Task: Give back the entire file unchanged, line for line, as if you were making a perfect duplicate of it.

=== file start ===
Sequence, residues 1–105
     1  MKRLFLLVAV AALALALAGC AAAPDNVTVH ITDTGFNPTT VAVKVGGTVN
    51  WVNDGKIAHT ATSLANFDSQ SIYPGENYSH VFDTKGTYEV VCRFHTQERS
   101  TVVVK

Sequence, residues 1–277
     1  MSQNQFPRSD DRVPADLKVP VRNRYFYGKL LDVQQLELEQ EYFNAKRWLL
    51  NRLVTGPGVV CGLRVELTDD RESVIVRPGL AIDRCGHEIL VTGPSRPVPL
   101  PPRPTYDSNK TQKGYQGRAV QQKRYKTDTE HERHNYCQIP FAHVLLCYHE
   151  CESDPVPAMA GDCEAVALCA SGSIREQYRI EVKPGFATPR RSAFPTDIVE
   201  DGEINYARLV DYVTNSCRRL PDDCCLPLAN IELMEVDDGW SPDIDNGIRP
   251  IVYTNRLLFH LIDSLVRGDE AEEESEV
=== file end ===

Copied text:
Sequence, residues 1–105
     1  MKRLFLLVAV AALALALAGC AAAPDNVTVH ITDTGFNPTT VAVKVGGTVN
    51  WVNDGKIAHT ATSLANFDSQ SIYPGENYSH VFDTKGTYEV VCRFHTQERS
   101  TVVVK

Sequence, residues 1–277
     1  MSQNQFPRSD DRVPADLKVP VRNRYFYGKL LDVQQLELEQ EYFNAKRWLL
    51  NRLVTGPGVV CGLRVELTDD RESVIVRPGL AIDRCGHEIL VTGPSRPVPL
   101  PPRPTYDSNK TQKGYQGRAV QQKRYKTDTE HERHNYCQIP FAHVLLCYHE
   151  CESDPVPAMA GDCEAVALCA SGSIREQYRI EVKPGFATPR RSAFPTDIVE
   201  DGEINYARLV DYVTNSCRRL PDDCCLPLAN IELMEVDDGW SPDIDNGIRP
   251  IVYTNRLLFH LIDSLVRGDE AEEESEV